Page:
Music review: Igudesman & Joo, inspired nuttiness at the Broad
Last spring, Aleksey Igudesman and Hyung-ki Joo made their New York debut at the 92nd Street Y to minimal mainstream press attention. Three days before their West Coast debut Saturday night at the Broad Stage in Santa Monica, the Russian violinist and Korean/British pianist arrived from Europe to play in small- town Warren, Pa.
And even the Broad performance was way, way under the radar. The hall was rented. The bar was closed. The hard-to-find Igudesman & Joo DVD was not to be found for sale. The ticket line was chaotic, as if ad hoc. Although prices were steep, with a $100 top, a presenter didn’t bother to print a local program, handing out instead small booklets from an upcoming appearance in Cupertino, including a happy-hour offer from a Silicon Valley bar.
So let’s get one thing straight. With P.D.Q. Bach not quite so quick anymore and in semi-retirement, Igudesman & Joo is the current king of classical music comedy. And if still small in Santa Monica, New York or Pennsylvania, the duo is huge in Europe, Russia and Asia, and it is downright viral on YouTube, boasting 23 million views.
Bernard Haitink and Gustavo Dudamel are big fans. Gidon Kremer is a sometime co-conspirator. Emanuel Ax has chased Joo around the piano and shoved him off the bench. The team turns the severe Russian violinist Viktoria Mullova into “Viktoria’s Secret.” I was hoping, to no avail, Saturday for a surprise appearance by John Malkovich; a YouTube clip of his strait-laced music critic send-up with the pair is side-splitting.
Since one clip is worth a thousand words, describing the Igudesman & Joo humor in detail would be to deflate its brilliance. For the put-upon Igudesman, think Jack Benny and Jascha Heifetz rolled into one. For the zany Joo, try an unholy Chico Marx, Vladimir Horowitz and Jerry Lewis mash-up.
The Igudesman & Joo anthem is Gloria Gaynor’s '70s hit song “I Will Survive.” Igudesman begins it as if singing a Russian folk song, and he electrifies it by playing on the violin strings with an electric swizzle stick (on a priceless 1717 Santo Seraphin violin, no less). Ultimately, it survives -- barely and hilariously -- as an unclassifiable audience sing-along. But the idea of surviving is also a serious business with these two miraculous performers.
In their act, titled “A Little Nightmare Music,” they survive in a world where music of all sorts comes at us from all sides all the time, where machines rule, where everyone is harassed by something, where stress is endemic. But when James Bond and Mozart duke it out and both win, when Bach morphs to tango, when Joo falls asleep under the piano and wakes up playing Satie upside down, when the pianist bests a credit card-operated Steinway, we are permitted to fantasize that maybe this is, if not always the best of all possible worlds, not the worst either.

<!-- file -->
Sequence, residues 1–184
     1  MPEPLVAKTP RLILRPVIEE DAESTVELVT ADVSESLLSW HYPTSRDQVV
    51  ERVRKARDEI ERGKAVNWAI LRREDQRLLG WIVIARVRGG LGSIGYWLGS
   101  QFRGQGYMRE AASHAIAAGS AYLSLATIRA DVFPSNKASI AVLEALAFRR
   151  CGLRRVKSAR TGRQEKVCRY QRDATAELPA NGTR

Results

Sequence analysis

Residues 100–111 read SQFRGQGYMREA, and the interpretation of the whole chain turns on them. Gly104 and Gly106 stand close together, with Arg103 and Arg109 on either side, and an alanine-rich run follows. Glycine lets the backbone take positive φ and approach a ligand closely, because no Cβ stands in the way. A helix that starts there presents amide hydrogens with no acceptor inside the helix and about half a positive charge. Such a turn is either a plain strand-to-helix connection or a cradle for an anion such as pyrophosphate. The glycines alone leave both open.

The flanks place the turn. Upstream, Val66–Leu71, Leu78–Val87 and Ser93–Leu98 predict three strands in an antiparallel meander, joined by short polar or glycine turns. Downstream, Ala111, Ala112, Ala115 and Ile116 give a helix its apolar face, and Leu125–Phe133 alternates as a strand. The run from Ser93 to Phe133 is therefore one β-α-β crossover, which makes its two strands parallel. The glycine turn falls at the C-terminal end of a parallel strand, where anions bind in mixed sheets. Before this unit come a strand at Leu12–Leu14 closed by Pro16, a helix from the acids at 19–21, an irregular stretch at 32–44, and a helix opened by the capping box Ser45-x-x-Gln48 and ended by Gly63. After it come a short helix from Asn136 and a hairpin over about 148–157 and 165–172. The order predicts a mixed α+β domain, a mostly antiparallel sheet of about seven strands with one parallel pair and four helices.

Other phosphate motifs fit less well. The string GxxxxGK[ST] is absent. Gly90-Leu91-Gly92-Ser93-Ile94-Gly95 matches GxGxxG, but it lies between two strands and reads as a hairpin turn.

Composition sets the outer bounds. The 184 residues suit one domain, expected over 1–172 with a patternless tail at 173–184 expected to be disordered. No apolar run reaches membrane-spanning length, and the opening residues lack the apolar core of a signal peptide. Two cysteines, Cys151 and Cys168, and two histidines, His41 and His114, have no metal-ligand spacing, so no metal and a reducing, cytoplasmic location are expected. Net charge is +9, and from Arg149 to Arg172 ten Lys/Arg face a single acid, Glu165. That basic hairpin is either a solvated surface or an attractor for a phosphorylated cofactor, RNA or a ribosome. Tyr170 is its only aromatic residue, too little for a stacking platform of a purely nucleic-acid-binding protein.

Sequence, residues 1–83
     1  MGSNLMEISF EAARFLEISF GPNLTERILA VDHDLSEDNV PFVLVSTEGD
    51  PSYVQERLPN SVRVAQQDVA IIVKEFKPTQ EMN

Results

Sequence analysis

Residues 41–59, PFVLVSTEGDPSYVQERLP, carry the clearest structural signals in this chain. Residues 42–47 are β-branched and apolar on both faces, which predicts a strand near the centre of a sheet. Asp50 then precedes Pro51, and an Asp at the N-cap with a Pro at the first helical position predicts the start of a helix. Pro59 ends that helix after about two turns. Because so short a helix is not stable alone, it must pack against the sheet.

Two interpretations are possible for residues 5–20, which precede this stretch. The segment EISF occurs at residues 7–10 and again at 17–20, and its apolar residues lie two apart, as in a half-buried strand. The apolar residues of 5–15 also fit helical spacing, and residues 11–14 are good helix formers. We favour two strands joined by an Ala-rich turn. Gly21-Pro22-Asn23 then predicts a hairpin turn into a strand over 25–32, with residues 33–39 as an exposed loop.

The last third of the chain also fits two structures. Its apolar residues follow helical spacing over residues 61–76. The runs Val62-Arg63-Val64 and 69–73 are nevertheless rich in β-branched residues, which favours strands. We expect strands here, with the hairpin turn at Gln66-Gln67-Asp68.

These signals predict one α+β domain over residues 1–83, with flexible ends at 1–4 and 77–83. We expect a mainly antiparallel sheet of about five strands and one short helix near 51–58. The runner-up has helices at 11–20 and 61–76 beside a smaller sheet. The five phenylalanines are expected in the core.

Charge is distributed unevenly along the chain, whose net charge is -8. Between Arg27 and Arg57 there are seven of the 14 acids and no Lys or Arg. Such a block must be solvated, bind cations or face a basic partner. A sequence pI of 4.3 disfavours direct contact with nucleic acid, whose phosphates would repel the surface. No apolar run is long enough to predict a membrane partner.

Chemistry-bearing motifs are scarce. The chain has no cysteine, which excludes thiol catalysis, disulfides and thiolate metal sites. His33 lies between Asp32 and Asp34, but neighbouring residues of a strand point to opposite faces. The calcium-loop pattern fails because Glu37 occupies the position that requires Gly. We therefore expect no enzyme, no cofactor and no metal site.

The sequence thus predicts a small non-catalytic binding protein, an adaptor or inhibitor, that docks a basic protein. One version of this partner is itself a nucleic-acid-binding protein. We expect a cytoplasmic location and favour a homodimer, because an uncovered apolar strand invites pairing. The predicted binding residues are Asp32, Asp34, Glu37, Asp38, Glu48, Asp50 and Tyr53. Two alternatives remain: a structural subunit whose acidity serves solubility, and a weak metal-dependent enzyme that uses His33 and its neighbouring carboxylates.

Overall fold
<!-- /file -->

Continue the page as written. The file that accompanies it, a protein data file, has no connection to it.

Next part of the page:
Joo complains that Rachmaninoff had big hands and that he has small hands (“only hands small,” though). So the pianist is helped out in the C-Sharp Minor Prelude by a fumbling Igudesman throwing the pianist notched boards, a feat of head-scratching magic. Elsewhere, Joo, in apron, sweeps up during an Igudesman solo. The violinist's facial expressions are pliable and his legs elastic. He is straight man and plastic man. Joo is manic. Before your disbelieving eyes, they turn it into a stomping Riverdance number.
Nothing is ever, with these two, as it seems. Joo plays Beethoven with karate hammer chops. Igudesman handles his bow like a samurai's sword. They play fast, sometimes unbelievably fast, and loose (equally unbelievable) with composers. Joo sorts sheets of music and Igudesman, musically bouncing off the wall, flits from one classical chestnut to the next in dazzlingly quick midmeasure.
Through it all, Igudesman & Joo personify the idea that with skill and devotion and a good nature and prefect comic timing, we can do more than merely survive, but enjoy ourselves. The violinist and cellist, it should be mentioned, are music education advocates. They preceded Saturday’s show with master classes at UCLA and the SOL-LA Music Academy.
They must come back, and next time let it be big time. Hello, Hollywood Bowl. We need them maybe more than we know.
-- Mark Swed
[For the record: Dec. 30: An earlier version of this review said Igudesman & Joo gave a master class at the Santa Monica Academy of Music. The class was at the SOL-LA Music Academy.]
Photo: Hyung-ki Joo, left, and Aleksey Igudesman at the Broad Stage Saturday night. Credit: Barbara Davidson/Los Angeles Times